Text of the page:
Environment Minister Altmaier on Energiewende Challenges

In an interview with the tabloid Bild am Sonntag, the new Environment Minister Peter Altmaier expressed cautious doubt on the achievability of certain targets of the German energy policy shift. His comments were widely reported in the German media.

While Germany was on track with the expansion of renewable energy, the country might not be able to reduce electricity consumption by 10% until 2020, and might not have one million electric cars on German roads by 2020, Mr Altmaier said. Forecasts concerning the electricity prices had to be adjusted in the past (since prices for consumers had climbed higher than expected), Mr Altmaier said, vowing that he would only present estimates he was convinced of.

The need for coordination regarding the energy policy shift had been underestimated, Mr Altmaier was quoted as saying. The withdrawal from nuclear power (until 2022) meant that nuclear power has to be replaced gradually by renewable energy, he explained, adding that Germany had initially not paid enough attention to the affordability of electricity. Some of the measures taken had not been the most cost-effective, he said. However, this had been recognised, Mr Altmaier remarked, saying the affordability of electricity for private households and the industry was his highest priority.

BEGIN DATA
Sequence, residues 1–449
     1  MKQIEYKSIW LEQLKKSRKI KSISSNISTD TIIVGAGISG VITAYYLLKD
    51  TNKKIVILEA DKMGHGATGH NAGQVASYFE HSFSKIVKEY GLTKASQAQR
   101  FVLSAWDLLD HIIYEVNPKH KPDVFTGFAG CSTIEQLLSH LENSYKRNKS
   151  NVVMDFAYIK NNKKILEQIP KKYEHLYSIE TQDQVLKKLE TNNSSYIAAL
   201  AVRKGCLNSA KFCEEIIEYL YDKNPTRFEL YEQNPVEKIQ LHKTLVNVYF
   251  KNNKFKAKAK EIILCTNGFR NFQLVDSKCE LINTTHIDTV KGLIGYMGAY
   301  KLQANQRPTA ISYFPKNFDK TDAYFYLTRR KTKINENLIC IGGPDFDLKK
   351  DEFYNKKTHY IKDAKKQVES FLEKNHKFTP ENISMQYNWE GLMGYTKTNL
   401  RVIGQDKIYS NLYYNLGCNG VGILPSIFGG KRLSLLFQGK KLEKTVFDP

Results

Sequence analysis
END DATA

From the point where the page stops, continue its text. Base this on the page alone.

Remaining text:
In view of rising energy prices, Mr Altmaier announced to invite representatives of social associations, consumer protection organisations and politics (including the municipalities) for round table talks on possibilities to keep electricity costs for low incomes at bay. However, new subsidies for low incomes, were not the solution, Mr Altmaier said he was thinking of. Instead he wants to offer low income households energy consulting services.

Information on how Mr Altmaier wants to reign in electricity costs for the industry were not provided in the interview.

Source: Bild

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